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Innovation sometimes requires us to risk being seen in our underwear


sahil_merchant_iconI recently had the pleasure of joining a panel on the topic of innovation along with some really smart people such as Ben Crowe (Gemba), Rebecca Scott (Streat) and Ben Rennie (Uncluttered White Spaces). I don’t really think about innovation as much as I do about company culture. Rather than trying to innovate, I try to create an environment where innovation and creativity is a mere by-product of how we operate. However, the discussion got me thinking about innovation and creativity, and specifically the challenges larger organisations face in this area.

From my time working in and with large organisations, much of the thinking seemed to be dominated by protecting downside. Innovation normally means taking a risk, and given large businesses attract greater visibility than smaller companies like mine, the risk associated with going out on a limb is usually higher.

Small companies often have less to lose and hence we can take risks and try new things. This was brought home to me in a recent marketing campaign we tried. We publicised (and at time of writing are still running) a promotion called Undies Monday. The gist of the offer is that if you walk into any of our stores on a Monday in March in just your underwear, you will get any one product up to the value of $50 for free. The campaign has gone viral and generated a lot of buzz and awareness for us.

Undies MondayThis post is not meant to debate whether Undies Monday is commercially sound or what benefit we get from it. That would be a marketing post, and regular readers of The Entrepreneurial Truth should know by now that my blog is more like a “dear diary” around lessons I am learning and personal reflections on my entrepreneurial journey. Rather, this experience has got me thinking about why we tend to be more creative and try more new and unusual things while other larger companies often struggle in this regard.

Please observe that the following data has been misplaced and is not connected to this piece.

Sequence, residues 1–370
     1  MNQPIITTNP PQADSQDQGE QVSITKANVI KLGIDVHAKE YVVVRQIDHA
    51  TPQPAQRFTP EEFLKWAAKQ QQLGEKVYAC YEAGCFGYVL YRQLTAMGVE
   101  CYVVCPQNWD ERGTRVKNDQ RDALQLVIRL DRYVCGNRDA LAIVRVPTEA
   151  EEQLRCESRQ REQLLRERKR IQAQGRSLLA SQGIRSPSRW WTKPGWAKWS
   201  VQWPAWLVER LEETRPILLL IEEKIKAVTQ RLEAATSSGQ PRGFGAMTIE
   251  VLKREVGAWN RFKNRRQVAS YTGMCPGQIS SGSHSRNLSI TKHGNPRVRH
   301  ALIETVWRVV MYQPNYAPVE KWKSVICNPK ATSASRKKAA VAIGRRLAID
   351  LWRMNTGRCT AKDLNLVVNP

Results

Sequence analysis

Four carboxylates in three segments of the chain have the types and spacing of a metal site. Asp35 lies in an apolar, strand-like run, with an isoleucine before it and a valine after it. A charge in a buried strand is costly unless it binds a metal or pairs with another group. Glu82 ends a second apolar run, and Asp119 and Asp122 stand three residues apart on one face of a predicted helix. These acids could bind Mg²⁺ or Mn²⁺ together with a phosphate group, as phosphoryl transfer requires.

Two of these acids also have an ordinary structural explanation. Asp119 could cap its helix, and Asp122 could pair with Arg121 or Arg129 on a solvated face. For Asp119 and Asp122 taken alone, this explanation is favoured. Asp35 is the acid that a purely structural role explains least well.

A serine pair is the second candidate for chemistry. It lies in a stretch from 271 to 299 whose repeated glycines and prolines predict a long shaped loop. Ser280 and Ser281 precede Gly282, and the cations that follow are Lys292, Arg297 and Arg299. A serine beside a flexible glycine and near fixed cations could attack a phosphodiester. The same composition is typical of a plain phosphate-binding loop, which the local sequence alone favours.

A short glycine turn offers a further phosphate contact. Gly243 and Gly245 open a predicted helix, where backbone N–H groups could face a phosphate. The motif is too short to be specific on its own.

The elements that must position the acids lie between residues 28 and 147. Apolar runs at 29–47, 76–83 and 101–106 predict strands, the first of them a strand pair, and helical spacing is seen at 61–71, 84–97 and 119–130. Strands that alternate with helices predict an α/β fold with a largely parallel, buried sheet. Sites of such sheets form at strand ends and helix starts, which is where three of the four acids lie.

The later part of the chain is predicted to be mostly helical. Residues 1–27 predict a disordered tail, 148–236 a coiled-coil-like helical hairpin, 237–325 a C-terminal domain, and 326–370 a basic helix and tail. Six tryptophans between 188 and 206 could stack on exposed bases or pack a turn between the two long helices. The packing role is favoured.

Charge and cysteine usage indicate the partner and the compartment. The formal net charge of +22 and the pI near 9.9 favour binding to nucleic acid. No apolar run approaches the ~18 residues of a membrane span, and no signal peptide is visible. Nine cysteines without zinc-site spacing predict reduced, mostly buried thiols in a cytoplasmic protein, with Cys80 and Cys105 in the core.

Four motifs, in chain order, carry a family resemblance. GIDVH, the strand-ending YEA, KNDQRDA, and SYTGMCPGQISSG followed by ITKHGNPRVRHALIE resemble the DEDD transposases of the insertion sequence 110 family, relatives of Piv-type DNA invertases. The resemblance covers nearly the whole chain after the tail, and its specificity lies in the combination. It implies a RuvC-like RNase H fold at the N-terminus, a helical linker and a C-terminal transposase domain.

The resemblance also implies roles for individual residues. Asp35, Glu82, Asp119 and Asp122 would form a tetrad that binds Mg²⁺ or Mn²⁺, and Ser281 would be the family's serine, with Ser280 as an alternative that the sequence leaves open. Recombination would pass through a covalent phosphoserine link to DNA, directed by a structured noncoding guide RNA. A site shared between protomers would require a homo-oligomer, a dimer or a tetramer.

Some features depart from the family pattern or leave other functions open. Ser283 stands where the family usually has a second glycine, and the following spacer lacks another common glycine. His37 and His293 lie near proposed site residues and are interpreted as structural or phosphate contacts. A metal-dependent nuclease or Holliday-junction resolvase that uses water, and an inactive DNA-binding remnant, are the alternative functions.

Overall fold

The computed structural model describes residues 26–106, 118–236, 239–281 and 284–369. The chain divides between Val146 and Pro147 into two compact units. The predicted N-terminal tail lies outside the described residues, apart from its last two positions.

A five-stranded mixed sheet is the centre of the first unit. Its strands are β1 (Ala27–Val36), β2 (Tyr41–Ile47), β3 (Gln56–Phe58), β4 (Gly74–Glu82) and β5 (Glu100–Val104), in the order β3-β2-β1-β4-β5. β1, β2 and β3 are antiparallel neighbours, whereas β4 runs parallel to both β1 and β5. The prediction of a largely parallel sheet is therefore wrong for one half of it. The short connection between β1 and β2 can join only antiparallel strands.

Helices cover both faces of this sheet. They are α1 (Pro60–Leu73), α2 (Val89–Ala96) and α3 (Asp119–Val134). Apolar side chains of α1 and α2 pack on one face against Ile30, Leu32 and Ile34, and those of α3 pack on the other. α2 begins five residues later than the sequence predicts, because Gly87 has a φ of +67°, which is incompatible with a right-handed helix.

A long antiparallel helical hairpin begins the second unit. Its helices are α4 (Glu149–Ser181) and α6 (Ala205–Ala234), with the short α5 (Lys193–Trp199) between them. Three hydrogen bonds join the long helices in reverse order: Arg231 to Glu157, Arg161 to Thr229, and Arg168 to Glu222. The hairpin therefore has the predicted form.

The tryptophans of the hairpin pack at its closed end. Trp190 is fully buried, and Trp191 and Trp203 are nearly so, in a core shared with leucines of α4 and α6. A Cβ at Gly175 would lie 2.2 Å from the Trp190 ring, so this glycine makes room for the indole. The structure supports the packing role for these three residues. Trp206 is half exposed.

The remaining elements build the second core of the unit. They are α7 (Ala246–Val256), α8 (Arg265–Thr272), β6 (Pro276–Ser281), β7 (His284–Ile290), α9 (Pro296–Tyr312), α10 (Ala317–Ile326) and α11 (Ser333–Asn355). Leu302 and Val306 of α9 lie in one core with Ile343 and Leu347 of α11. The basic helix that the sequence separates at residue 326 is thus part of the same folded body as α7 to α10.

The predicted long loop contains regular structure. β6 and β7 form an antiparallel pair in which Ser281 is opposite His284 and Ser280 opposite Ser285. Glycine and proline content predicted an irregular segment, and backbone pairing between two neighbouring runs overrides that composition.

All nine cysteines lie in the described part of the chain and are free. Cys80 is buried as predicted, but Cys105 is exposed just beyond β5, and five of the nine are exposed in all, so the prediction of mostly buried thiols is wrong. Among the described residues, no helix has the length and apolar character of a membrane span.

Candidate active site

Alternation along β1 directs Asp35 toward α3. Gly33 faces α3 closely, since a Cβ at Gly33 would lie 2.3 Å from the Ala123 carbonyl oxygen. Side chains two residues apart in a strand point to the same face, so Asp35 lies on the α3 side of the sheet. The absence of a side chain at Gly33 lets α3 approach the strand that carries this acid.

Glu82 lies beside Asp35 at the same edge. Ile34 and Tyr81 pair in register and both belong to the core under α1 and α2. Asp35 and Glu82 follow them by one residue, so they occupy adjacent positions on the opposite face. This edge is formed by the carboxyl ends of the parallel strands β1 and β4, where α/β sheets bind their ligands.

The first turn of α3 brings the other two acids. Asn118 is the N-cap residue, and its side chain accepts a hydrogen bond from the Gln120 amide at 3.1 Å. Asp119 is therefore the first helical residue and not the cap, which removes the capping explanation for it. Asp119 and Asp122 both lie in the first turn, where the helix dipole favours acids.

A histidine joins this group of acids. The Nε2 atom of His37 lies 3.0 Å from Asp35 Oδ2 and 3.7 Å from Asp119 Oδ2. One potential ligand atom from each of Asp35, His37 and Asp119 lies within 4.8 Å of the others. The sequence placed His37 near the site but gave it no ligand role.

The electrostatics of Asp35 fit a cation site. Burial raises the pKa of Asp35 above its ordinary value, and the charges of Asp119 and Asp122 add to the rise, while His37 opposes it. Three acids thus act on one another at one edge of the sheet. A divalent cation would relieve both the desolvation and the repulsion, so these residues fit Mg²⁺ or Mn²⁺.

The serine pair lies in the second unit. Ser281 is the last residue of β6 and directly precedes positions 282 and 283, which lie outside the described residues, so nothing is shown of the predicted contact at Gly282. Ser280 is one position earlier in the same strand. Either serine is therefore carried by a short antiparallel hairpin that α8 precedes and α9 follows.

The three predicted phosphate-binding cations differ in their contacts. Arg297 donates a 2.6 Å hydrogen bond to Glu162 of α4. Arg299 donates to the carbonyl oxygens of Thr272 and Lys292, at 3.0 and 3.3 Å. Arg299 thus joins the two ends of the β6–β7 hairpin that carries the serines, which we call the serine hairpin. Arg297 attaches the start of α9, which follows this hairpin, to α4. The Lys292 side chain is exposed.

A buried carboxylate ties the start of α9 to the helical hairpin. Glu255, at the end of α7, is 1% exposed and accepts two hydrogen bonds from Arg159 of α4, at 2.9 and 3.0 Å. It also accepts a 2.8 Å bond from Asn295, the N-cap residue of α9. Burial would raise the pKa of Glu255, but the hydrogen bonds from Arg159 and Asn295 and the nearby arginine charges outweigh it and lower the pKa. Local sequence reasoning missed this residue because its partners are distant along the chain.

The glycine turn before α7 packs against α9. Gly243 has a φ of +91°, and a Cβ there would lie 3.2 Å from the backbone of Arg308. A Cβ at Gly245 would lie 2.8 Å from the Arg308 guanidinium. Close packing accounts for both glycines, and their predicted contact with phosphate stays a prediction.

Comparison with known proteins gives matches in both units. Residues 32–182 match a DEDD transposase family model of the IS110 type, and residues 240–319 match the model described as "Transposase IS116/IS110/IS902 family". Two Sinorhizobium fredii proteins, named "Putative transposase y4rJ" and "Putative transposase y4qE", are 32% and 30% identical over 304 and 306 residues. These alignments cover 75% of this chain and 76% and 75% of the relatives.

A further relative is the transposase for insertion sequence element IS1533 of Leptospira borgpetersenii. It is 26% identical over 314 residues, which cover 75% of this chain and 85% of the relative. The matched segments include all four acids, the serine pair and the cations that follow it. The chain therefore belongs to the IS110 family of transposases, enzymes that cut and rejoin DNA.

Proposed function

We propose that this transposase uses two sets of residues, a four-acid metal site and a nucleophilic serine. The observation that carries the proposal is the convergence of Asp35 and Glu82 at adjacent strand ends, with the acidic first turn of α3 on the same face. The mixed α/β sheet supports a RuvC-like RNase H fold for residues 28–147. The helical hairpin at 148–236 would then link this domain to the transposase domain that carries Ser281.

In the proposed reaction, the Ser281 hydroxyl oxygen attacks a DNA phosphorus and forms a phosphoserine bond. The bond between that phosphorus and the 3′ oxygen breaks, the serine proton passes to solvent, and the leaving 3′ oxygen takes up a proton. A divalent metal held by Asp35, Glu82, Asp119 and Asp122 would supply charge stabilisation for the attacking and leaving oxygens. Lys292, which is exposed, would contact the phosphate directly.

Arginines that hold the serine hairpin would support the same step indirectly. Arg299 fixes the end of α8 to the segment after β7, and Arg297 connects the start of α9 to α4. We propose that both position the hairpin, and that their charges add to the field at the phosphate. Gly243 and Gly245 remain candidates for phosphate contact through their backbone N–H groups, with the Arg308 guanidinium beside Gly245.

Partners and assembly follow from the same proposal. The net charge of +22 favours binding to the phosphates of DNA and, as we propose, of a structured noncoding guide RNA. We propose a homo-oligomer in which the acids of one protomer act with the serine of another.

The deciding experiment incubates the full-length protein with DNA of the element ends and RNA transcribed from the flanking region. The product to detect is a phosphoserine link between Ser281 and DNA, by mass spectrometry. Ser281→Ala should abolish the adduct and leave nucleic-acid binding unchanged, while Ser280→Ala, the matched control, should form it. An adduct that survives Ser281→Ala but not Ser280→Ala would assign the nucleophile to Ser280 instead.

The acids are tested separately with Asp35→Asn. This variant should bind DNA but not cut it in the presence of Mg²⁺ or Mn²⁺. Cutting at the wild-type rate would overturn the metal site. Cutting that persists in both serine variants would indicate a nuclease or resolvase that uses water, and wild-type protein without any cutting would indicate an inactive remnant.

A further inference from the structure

I have realised that there are always a hundred reasons why a company should not try something new. If I had gone to mag nation’s lawyers for sign off prior to starting Undies Monday, I am certain they would have strongly counselled me on all the things that could go wrong and scared me off doing it. After all, that is their job. However, this promotion took two days from conception to implementation. We knew there were risks, but we quickly weighed them up and said “let’s just do it”.

This doesn’t mean that you have to throw caution to the wind. I did run the idea past a bunch of trusted colleagues to get their take, but ultimately I trusted my own judgement on this. When it comes to big corporates, it is not as easy to replicate this single point of responsibility. There are often multiple stakeholders who are affected by the risks involved and, let’s face it, despite the best of planning, we all know that “shit happens”.

So it did with Undies Monday. Prior to launch we quickly added a term to say that you had to be over 18 to participate. The PR train wreck associated with being even remotely connected to promoting underage exhibitionism had me dry retching. We had many more people turn up for the first Monday, indicating that things would get out of hand in subsequent Mondays, so we had an honest dialogue with our fan base and, in a very transparent way, amended the terms and conditions to limit the numbers.

In other words, we responded and adapted to real-time learnings. I have come to realise that innovation and creativity are rarely about killer ideas, but more often connected to a cycle of trying, learning and adapting. Big companies don’t always reward this process. It is often about getting it right, which doesn’t bode well for allowing space to try, fail and try once again. If big companies simply protect downside and don’t “have a go”, they will never be able to gauge the success of those potential game changers.

The beauty of a smaller company is that the failures can often go unnoticed in the market. It allows us to foster a culture of asking for forgiveness rather than permission. How do we encourage this in larger companies?

This will be the subject of my next post — maintaining the magic when growing from small to big (I spend much of my time worrying about how mag nation will manage to maintain its cult following and its cool even if through growth it starts to be seen as a larger evil corporate).

For now, Undies Monday has reinforced for me that having a crack (pardon the pun) at something a little different can work wonders, if you are fully prepared to monitor and react. Most large companies are skilled at managing risk, but I am hard pressed to think of any innovation that has been devoid of risk.

Sahil Merchant is founder of mag nation. Follow him on twitter: @sahilmerchant. His launch post can be found here.